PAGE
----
So I’m sitting in the car when I hear the tell-tale snick of all the doors locking.
“All the doors just locked,” Tired of Being Youngest announced helpfully from the back seat.
“I noticed that.” We are vaguely disquieted.
I’m in the passenger seat, holding the keys, waiting for the Son and Heir, my apprentice driver, to finish looking at blocks of wood in a friend’s yard. As a woodcarver, he’s in the equivalent of my yarn shop, debating the merits of walnut over oak, locust over birch.
I hit the button — click — and unlock the doors.
Two minutes pass of the Son-and-Heir critically viewing blocks of wood, hefting this one, peering at that one, setting two side by side and stepping back for a better view, when the doors lock again.
The sense of mutual disquietude in the car deepens.
I unlock the doors with a click. Two minutes later they lock again.
Snick. Click. Snick. Click. Eventually, understanding and motherly patience exhausted (there’s a reason why no one ever accompanies me to the yarn store), I click a last time to unlock from the inside and open the doors.
Apparently, all this time the car has been trying to tell me something — concerned that no one is in the driver’s seat but someone is on the passenger side, fiddling with the keypad — it launches the alarm, that loud, raucous beeping people generally ignore because it happens so frequently, but which is outrageously overwhelming when you are sitting in the midst of it
Simultaneously, the Voice in the Back choruses with my own to screech out the obvious:
“The car alarm is going off! The car alarm is going off!” (I’m sure that the neighbors appreciated this concise explanation of the situation at hand. We really should have been there for Paul Revere’s ride.)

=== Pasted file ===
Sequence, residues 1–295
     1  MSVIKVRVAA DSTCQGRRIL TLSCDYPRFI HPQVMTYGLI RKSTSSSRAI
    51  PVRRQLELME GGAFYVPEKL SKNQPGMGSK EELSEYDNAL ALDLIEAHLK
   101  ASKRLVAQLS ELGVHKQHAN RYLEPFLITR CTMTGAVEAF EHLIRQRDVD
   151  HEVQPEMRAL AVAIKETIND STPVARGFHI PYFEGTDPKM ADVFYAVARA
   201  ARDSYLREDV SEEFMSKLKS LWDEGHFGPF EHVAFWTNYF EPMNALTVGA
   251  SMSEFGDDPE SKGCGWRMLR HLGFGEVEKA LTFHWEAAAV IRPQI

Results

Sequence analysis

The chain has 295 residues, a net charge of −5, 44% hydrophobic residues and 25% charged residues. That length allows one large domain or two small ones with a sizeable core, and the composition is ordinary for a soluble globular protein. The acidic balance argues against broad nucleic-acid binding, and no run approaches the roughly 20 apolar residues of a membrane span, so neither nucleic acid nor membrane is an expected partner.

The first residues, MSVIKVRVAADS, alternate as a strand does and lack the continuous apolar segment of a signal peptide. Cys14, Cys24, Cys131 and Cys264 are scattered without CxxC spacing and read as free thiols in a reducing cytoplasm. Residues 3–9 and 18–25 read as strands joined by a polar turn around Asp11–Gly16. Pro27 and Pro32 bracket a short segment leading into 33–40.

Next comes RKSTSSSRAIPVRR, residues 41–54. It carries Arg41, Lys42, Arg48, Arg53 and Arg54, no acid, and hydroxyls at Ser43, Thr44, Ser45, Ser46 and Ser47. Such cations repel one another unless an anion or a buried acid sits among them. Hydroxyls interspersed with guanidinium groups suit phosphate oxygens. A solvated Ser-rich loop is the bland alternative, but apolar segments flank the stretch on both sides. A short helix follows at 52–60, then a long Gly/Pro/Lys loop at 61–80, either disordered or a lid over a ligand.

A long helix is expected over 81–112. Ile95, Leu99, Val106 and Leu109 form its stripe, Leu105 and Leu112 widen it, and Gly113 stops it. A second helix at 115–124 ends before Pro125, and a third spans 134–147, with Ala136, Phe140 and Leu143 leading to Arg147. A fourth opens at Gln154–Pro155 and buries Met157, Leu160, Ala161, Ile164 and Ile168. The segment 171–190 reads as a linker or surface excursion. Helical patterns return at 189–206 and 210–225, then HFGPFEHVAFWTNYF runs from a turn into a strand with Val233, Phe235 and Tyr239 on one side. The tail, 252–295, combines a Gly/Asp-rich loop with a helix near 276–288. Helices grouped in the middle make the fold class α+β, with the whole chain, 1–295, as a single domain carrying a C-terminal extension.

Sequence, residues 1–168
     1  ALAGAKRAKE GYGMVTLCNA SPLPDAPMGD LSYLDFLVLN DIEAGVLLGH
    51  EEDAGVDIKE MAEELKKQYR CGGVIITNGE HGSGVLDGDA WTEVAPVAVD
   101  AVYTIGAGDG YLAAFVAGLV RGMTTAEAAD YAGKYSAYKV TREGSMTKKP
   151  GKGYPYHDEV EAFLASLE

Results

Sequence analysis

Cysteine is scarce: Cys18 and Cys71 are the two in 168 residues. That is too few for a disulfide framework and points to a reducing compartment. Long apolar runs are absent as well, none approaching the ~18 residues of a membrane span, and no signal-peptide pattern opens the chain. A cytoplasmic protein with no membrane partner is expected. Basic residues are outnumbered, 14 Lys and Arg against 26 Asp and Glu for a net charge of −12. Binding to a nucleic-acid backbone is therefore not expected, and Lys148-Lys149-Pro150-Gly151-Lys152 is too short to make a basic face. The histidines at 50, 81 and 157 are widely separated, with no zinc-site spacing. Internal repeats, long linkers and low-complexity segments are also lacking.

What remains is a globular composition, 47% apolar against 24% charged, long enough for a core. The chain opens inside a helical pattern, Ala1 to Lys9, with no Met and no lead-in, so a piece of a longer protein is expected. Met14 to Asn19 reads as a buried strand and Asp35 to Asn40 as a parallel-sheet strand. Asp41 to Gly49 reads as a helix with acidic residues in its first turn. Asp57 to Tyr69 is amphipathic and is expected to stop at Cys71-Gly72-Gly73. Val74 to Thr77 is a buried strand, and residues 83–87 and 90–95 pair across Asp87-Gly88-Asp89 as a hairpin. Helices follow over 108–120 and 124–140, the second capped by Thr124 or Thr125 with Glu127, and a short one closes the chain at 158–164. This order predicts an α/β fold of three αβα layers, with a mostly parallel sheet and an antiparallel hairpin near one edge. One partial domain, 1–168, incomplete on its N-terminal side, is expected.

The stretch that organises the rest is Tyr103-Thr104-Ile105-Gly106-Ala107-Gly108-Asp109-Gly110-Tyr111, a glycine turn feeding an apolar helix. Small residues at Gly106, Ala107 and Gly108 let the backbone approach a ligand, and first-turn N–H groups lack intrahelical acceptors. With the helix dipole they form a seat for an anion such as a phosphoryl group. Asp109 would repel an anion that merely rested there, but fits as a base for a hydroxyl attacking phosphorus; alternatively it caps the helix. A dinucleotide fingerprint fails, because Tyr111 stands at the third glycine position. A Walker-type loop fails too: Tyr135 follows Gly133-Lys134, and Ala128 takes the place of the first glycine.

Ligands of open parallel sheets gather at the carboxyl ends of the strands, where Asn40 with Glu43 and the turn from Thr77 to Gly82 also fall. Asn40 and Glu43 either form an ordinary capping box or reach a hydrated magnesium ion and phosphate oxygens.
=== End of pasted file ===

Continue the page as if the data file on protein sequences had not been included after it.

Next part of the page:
Despite the illusion of being cool, calm, and over the age of 40 (this last one no illusion), I am not immune to feeling like an idiot in the midst of a boisterously rollicking fishbowl. It is the unrelenting noise, however — which reminds me of a newborn with colic and the instinctive response of “Make it stop! Just make it stop!” — that freezes my brain and fingers.
“Make it Stop! Just make it stop! Everyone’s looking at us!” I’m not sure which of us shrieked this, but it represents the general consensus of our collective thoughts.
Frantically pushing buttons — the lock button, the unlock button, the panic button, the lock button twice, then the unlock with obsessive compulsive finesse — none of these make a difference. Although the entire fiasco involves less than 15 seconds, everything moves slowly, like a dream — except, mercifully unlike a dream, I don’t look down and find that I am unexpectedly topless, or have wandered into a public bathroom with unstalled doors and toilets set about, randomly, in the middle of the floor.
“Push the panic button!”
“Then lock it and unlock it and push the panic button!”
“Then put the key in the ignition and start the car!”
That’s actually a very good idea.
I follow through. Start the car. Relieved that the proper key is in the proper place, it stops the alarm.
Ah, Silence. You Dogood.
The only sounds are the gentle thunk of a piece of wood dropping to the ground. The Son and Heir discovered some maple in the pile.